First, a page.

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18th c

LHMP entry

Donoghue’s second conceptual cluster in this analysis is the “female husband” motif. That is, not simply women passing as men, but doing so in a context where they courted and/or married other women. The chapter begins with a general note on the prevalence of this type of event and the wide variety of superficial motivations for passing.

Chapter 1: Introduction

We start with a type-case (although unusual in the level of detail given in the court records). Maria van Antwerpen dressed in men's clothing, took a male name, and enlisted as a soldier in 1761. For eight years she lived undetected, including courting and marrying a woman. When discovered, she was tried and condemned for fraud and for "mocking laws concerning marriage." It was discovered that she she had been tried for the same offenses in 1751. She was neither exceptional nor unusual.

Chapter 5: Condemnation and Praise

Two extremes show the range of reactions to women passing as male soldiers who were discovered only after death. Aal the Dragoon was handed over for medical uses (a fate reserved for serious criminals) and ended as a taxidermy display. Trijntje Simons (serving as Simon Poort) was buried with full military honors with both military and civic dignitaries in attendance.

O' Driscoll looks at changes in attitudes toward female sexuality and same-sex desire through the lens of the dildo in popular culture.

Robinson uses the pornographic L'Academie des dames to explore the portrayal of sex between women and of non-procreative sex in general in the later 17th century. The work is structured as a dialogue between two women: the older, experienced Tullie and her younger cousin Octavie who moves from fiancée to wife in the course at the book. It is a French adaptation of Chorier's Latin Satyra Sotadica which was published two decades earlier.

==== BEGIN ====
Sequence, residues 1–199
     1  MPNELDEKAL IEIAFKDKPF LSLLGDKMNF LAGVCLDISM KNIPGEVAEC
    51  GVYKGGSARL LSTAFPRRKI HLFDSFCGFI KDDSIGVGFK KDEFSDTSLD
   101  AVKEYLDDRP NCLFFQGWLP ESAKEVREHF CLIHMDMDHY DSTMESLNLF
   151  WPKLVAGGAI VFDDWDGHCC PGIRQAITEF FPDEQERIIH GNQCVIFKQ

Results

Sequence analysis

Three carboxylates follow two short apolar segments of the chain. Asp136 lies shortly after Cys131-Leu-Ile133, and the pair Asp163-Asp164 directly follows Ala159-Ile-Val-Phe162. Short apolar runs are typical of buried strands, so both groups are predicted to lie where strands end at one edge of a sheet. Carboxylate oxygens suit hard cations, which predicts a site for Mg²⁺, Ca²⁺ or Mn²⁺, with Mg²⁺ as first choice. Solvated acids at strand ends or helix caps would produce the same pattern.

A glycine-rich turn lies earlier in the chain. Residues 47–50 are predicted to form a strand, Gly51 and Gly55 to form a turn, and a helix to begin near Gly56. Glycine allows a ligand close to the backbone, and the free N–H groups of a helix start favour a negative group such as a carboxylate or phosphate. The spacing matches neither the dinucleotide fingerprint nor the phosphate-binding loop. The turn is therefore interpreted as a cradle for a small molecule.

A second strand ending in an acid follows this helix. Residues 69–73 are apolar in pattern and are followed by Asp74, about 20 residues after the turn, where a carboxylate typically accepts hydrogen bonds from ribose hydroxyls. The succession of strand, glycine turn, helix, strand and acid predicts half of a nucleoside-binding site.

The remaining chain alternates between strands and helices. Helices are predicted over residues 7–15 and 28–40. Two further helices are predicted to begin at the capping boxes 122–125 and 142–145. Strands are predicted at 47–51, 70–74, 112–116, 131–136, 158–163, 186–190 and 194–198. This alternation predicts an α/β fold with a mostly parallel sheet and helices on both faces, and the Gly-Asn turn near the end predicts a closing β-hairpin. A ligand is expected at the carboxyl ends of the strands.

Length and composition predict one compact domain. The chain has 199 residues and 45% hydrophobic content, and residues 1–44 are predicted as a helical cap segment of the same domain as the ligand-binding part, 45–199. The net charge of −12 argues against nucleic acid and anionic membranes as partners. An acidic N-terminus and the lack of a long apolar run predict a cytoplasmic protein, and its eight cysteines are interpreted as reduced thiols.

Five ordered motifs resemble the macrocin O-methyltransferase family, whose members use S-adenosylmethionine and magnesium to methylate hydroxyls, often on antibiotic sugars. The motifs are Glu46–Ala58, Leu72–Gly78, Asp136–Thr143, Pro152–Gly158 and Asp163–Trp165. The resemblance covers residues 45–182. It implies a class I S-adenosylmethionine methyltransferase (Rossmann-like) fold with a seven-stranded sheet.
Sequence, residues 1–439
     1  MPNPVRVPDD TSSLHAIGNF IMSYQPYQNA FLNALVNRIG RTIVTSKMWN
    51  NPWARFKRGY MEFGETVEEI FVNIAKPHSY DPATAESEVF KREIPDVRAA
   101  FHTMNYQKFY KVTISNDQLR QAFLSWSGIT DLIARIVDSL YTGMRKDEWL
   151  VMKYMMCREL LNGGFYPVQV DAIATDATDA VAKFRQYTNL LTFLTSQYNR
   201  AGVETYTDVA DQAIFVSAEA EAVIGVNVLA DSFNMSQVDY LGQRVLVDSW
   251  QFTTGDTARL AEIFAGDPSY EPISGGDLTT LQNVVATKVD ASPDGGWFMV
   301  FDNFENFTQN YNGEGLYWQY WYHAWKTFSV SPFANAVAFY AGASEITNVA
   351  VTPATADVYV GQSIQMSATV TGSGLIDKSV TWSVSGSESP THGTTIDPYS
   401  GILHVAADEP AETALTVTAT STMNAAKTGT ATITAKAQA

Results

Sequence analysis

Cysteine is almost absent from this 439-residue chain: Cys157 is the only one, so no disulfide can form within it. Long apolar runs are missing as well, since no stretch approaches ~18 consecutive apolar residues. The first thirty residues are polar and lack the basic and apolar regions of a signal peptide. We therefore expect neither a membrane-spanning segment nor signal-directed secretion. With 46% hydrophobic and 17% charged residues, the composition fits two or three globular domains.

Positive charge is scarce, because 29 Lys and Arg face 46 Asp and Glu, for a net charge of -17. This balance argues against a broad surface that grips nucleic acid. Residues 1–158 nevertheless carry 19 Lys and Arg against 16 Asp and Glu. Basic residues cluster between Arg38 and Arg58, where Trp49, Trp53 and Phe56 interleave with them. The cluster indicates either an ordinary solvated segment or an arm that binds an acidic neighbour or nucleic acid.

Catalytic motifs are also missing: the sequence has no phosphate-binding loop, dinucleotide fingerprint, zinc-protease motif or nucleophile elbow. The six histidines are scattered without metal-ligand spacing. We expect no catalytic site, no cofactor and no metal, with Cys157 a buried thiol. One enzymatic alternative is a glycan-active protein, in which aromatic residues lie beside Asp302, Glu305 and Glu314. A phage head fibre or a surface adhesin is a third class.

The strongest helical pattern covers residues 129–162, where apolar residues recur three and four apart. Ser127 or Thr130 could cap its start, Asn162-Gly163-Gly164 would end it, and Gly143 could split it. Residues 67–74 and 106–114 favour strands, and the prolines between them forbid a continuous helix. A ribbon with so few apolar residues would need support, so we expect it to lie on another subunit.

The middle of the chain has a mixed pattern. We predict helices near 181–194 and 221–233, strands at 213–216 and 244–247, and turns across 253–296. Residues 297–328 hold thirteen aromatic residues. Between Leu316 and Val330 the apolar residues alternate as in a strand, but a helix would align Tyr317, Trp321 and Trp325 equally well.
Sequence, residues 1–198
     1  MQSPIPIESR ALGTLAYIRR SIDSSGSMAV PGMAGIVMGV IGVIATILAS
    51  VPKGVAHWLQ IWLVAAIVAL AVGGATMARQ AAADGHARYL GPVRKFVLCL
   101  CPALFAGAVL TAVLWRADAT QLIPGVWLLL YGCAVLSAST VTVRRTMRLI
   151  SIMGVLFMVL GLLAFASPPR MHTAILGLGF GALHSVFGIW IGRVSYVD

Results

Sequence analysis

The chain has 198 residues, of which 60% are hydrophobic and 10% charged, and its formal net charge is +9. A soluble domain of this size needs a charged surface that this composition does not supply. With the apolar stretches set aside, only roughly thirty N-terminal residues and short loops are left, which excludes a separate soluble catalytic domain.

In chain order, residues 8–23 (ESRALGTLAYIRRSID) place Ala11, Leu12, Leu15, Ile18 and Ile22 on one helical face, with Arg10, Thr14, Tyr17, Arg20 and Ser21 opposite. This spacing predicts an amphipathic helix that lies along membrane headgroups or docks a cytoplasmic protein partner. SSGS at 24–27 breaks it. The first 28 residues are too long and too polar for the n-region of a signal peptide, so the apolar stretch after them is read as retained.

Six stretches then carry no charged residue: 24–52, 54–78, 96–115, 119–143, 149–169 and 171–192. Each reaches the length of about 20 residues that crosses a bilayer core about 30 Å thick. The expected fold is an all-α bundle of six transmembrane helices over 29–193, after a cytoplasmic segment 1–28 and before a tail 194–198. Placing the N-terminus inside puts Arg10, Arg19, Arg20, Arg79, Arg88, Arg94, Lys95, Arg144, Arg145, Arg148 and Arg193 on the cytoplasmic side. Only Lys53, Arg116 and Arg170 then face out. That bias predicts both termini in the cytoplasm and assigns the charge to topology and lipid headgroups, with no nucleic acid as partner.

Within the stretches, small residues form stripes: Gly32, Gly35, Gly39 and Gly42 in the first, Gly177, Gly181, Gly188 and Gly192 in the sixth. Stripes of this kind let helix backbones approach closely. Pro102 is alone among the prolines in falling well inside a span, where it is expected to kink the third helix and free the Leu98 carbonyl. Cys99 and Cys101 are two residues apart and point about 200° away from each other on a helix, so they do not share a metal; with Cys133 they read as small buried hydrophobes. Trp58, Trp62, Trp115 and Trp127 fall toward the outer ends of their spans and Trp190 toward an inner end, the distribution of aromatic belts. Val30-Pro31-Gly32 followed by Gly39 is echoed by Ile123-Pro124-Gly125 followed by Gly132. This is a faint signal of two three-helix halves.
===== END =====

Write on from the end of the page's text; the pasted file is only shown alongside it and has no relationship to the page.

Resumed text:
The 18th century saw a polarization in attitudes, both in popular culture and in real life, between the "safe" de-sexualized romantic friendship (associated with educated and upper class women) and the "dangerous" sexual, gender-transgressing lesbian (associated with lower-class or socially marginalized women). Gonda looks at two women who--although their lives and careers show striking parallels--could be considered prototypes of these poles.

Haggerty examines several examples of female villains in gothic romances to develop what strikes me as a rather weak theory of homoerotic attraction as subtext in the stories. Identifying a number of stories in which the heroine is persecuted and abused by a female villain (rather than the default male villain), he finds that they “suggest that the relations between women can be played out as potentially erotic, just as sado-masochistic relations between men and women are.”

Lanser opens with a letter from the intellectual Elizabeth Montagu in 1750 deploring the plan of two female friends to live together as it will "hurt us all" if women "make such a parade of their affection" leading to suspicion regarding all female friendships. Lanser argues that Montagu's objection is unlikely to be to romantic friendships as such. The sister to whom the letter was addressed would later pen Millenium Hall, a celebration of separatist female friendship.

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